Deciding to get married is a big decision that will impact the rest of your life. Nothing is more fulfilling in life than a happy, healthy marriage. Before you walk down the aisle, there are some topics that are essential to address with your special person to ensure that you are headed in the same direction.
Four Vital Premarital Conversations
1. Religion and Spirituality
Sharing religious and spiritual values with your partner is important. Research shows that couples who engage in shared religious and spiritual practices tend to experience greater satisfaction in their marriage, have less conflict, and have higher levels of teamwork. Conversely, couples that don't actively practice faith together are at a higher risk for marital problems and divorce. Talk to your partner about values and beliefs and how you both envision those being part of your life as a couple.
Financial matters play a significant role in the overall sense of stability in a relationship. Open communication about money helps establish a shared understanding and approach to financial management. It's important for couples to be transparent about their current debt and plans to pay off debt. Couples should aim to understand each other’s financial habits, views on spending, and attitudes toward debt. Additionally, addressing topics such as the process of making significant purchases, setting individual spending limits, and outlining the monthly budget are important for a harmonious financial relationship.
Personal mental, emotional, and physical boundaries are important because they define and protect us. It is just as important to have clear and agreed upon boundaries for your relationship. Boundaries in a relationship help clarify what is your responsibility and what is not. For example, you are responsible for your own emotions, behaviors, and wants, not your partner.
Boundaries also protect a relationship. Couples should agree on boundaries with people and situations to protect the bond they share. Some topics where boundaries should be discussed include involvement of family of origin and in-laws, time spent with friends, the use of technology, and social media.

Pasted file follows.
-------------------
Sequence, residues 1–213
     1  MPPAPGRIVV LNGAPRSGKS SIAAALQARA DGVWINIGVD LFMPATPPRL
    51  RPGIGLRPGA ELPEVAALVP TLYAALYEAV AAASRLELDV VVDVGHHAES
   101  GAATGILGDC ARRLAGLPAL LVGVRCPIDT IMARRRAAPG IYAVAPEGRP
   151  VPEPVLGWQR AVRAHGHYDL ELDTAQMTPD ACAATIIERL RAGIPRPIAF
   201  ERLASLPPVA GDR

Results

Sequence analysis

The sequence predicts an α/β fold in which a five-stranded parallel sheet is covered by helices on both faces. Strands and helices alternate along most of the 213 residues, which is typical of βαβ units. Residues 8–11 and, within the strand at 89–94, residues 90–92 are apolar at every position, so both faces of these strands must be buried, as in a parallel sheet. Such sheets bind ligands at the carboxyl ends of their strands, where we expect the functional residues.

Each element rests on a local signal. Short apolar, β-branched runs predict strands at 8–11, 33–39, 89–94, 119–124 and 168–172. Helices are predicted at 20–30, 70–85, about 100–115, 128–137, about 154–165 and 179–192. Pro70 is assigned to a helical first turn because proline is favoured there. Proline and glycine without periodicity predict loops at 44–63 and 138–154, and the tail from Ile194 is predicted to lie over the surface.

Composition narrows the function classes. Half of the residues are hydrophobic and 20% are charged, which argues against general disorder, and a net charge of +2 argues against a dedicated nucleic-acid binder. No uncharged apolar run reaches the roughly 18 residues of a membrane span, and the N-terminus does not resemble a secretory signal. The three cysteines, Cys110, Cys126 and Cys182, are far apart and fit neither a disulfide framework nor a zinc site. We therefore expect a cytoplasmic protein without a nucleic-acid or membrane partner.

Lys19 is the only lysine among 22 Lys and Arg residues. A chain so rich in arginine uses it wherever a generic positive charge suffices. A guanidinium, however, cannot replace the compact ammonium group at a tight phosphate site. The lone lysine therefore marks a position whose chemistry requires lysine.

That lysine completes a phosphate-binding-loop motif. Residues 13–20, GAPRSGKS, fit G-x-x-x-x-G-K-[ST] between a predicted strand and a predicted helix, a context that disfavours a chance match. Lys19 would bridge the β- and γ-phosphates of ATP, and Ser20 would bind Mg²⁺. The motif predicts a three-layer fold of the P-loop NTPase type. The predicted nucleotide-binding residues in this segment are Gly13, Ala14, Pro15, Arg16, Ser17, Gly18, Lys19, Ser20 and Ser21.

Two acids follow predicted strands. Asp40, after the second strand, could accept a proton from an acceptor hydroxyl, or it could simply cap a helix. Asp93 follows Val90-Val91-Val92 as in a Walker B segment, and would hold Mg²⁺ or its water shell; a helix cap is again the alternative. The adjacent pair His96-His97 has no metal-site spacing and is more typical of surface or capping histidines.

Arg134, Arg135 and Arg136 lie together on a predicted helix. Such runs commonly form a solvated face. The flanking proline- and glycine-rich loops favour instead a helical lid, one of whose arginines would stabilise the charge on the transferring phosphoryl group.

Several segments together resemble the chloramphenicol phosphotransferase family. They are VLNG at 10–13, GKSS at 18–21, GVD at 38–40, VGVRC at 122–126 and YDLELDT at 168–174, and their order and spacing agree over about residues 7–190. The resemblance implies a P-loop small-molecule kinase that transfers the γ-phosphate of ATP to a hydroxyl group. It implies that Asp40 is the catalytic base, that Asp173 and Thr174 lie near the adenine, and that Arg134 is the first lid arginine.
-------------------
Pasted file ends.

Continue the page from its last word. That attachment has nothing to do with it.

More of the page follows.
Expectations affect EVERYTHING. Every person enters marriage with conscious and unconscious expectations obtained from family, the media, culture, and past relationships. Being aware of and sharing your expectations of marriage is crucial for happiness. Here are some topics to consider when discussing expectations: gender roles, sharing power, decision making, household chores, spending free time, weekends, holiday celebrations, handling sickness, and daily expressions of love.
When discussing expectations with your partner, try to be as specific as possible. During premarital counseling sessions, I often hear one partner say, "I expect you to show me that you love me." While showing love is a good thing, what exactly does that look like? How will your partner know if they are meeting that expectation? If you say, "I expect you to kiss me good-bye before you leave every morning," your partner will know exactly what you want and how to fulfill it. When discussing expectations, make sure your expectations are reasonable and be willing to hear and meet the expectations of your partner.
Getting married is the beginning of an amazing journey. Engaging in thoughtful conversations beforehand is the key to a resilient and harmonious partnership. From values and beliefs to finances, setting boundaries to sharing dreams, these discussions lay the groundwork for understanding, compromise, and shared goals.
As you navigate these conversations with your partner, remember that it's not just about reaching agreements; it's about deepening your connection, building trust, and fostering a solid foundation for a lifetime of love and companionship. May your premarital dialogues pave the way for a marriage that thrives on open communication, mutual respect, and enduring happiness.